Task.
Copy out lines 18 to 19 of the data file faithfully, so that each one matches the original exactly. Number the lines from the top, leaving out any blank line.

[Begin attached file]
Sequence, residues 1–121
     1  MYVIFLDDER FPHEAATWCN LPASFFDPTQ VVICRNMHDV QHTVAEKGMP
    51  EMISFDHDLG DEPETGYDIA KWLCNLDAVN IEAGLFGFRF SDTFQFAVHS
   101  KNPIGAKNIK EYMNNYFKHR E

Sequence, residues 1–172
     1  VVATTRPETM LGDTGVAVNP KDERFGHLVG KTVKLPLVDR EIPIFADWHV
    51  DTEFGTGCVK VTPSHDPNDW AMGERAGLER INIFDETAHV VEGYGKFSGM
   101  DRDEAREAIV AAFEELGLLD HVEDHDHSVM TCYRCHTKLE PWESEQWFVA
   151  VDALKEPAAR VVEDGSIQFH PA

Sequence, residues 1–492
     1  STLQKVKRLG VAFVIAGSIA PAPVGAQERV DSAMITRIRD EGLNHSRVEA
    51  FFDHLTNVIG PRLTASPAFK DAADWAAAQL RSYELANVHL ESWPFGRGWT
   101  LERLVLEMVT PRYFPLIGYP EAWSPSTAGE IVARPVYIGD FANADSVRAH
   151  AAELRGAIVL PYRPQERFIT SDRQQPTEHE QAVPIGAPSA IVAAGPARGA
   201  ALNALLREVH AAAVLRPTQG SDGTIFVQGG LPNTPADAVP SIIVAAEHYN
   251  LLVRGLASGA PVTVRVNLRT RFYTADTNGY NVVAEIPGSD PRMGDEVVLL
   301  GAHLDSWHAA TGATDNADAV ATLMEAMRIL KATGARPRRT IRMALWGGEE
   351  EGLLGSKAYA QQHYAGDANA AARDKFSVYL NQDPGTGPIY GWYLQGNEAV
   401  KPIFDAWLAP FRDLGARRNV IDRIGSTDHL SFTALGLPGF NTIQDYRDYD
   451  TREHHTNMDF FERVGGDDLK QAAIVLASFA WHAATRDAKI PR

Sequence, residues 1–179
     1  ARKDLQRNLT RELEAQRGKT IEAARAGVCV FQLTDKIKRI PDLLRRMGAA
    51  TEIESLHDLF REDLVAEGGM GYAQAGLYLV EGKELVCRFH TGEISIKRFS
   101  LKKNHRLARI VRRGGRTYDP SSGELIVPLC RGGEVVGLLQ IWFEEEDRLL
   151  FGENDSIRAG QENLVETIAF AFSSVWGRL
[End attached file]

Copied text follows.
   351  EGLLGSKAYA QQHYAGDANA AARDKFSVYL NQDPGTGPIY GWYLQGNEAV
   401  KPIFDAWLAP FRDLGARRNV IDRIGSTDHL SFTALGLPGF NTIQDYRDYD